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Conduct Disorders: Assesssment & Diagnosis
Conduct Disorders continuing education MFT CEUs

Section 25
Handling Extreme Behavior

CEU Question 25 | CE Test | Table of Contents | Conduct Disorders
Counselor CEUs, Psychologist CEs, Social Worker CEUs, MFT CEUs

Extreme Defiant Behavior
Ross, a fifth grader, started his day with a chip on his shoulder. He bothered and provoked other students in desk group throughout the morning and was sent to time-out twice before the morning recess. After recess,Defiant Behavior Conduct Disorders social work continuing education he starts up where he left off before. He hums to himself as he works on an assignment and disturbs his classmates. When they complain, the teacher asks Ross to take his paper and pencil and finish his assignment at the back table.

"Forget it!" he shouts. "I'm not going, and you can't make me. I don't have to follow your stupid rules or do anything you say if I don't want to." He stands next to his desk with his arms folded and continues humming, defiantly.

All eyes are on Ross. The tension is extreme. Teaching and learning have come to a screeching halt. All of his classmates are wondering, "What's she going to do?" Her credibility and authority are on the line.

But this teacher has a plan. She takes a couple of deep breaths and then calmly asks her students to line up at the door, leaving Ross standing alone next to his desk. She joins her class at the door and makes an announcement.

"Ross needs to make a decision about whether or not he wants to be part of our class today. Let's give him three minutes of silence to help him make up his mind." She looks at her watch and turns to Ross.

"Would you like to join us and cooperate, or would you prefer to work it out with our principal, Mrs. Donnelly, in the office? I'd be happy to call her if that's what you prefer. I'll give you a few minutes to think about it." She looks at her watch again and waits in silence with the rest of her class. She's prepared to act when the three minutes are over.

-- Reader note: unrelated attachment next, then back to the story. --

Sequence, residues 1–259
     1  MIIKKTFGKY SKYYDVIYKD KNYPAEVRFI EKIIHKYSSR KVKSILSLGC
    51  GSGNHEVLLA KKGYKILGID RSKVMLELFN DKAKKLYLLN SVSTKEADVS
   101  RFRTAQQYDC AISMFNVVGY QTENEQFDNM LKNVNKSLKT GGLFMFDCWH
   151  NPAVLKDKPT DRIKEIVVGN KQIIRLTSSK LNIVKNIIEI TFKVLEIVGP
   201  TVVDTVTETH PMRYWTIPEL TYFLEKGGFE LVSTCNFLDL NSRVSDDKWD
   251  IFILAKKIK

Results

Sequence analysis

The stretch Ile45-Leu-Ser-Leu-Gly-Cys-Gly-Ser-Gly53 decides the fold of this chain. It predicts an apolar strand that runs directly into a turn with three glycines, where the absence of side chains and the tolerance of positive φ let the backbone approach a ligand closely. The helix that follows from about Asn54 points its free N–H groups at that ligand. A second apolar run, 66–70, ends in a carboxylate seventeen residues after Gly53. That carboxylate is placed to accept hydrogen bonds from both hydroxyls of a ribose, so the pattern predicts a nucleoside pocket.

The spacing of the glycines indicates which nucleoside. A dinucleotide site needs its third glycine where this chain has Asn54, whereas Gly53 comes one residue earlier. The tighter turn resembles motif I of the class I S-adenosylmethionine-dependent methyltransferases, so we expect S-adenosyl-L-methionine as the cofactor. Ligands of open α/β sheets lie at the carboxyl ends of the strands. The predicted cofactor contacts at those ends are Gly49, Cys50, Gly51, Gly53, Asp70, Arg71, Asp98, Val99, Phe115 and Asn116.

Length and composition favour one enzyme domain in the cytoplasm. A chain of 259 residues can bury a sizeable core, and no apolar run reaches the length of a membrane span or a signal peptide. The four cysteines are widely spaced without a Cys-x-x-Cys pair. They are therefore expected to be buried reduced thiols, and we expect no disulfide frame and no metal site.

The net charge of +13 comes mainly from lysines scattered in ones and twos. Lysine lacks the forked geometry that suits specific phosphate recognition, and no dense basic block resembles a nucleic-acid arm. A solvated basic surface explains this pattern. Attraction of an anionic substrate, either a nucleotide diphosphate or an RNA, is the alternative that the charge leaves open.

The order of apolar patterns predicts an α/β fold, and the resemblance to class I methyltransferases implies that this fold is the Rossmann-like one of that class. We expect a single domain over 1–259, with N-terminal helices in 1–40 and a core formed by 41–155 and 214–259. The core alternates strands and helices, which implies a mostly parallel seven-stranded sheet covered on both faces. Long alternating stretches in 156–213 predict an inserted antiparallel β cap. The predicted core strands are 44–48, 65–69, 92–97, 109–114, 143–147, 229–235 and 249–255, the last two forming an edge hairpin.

The spotlight is squarely on Ross and so is the hot potato of responsibility. It's up to him to decide what he wants to do. He is responsible for the outcome. Ross looks around the room, hums defiantly for about thirty seconds, and then begins to feel self-conscious and stops. He realizes there is no way out and squirms uncomfortably.

"Okay," he says, "I'll join the class."

"Good choice," says his teacher. "Have a seat." She asks the rest of the class to return to their desks and continue with their writing assignment.

This teacher is effective because she's prepared and operates with a plan. She fulfills all of her basic responsibilities. She keeps all of her students supervised. She keeps them safe, and she minimizes risk. She remains in control of the situation the whole time.

Her first step is to separate the parties involved. Since Ross is defiant, the easiest thing to do is to separate others from him. She asks her class to line up at the door and joins them. Everyone is supervised. Everyone is safe. She minimizes the risk by creating a safe distance between Ross and others.

Her next step is to give Ross some time to cool down and a way out of the situation he put himself in. She offers him some choices. He can cooperate and rejoin the class, or she will call the office, where he can resolve the matter with the principal. The choice is his and so is the responsibility for the outcome. She's prepared to follow through with the consequence based on his choice.

In this case, Ross chooses to cooperate and rejoin the class, but let's consider the other possible scenario. Let's say that Ross remains defiant at the end of the three minutes. What should his teacher do? She should follow through, call the office, and have Ross escorted out of class. All of her students are watching. Her credibility and authority are on the line. In situations like this, teachers need back-up support.

Dangerous or Destructive Behavior
Brent, an eighth grader, disrupts his social studies class by throwing pencils and wads of paper at his classmates. He gets caught, and his teacher, Mr. Jeffries, asks him to go to the back table for a fifteen-minute time-out. Things are quiet for a few minutes, and then someone shouts, "Watch out!" When Mr. Jeffries turns around, he sees a chair flying across the room narrowly missing several students. Brent is standing at the back table with a second chair in his hands. Mr. Jeffries asks his students to put their heads on their desks and cover them with their arms, and then he turns to Brent.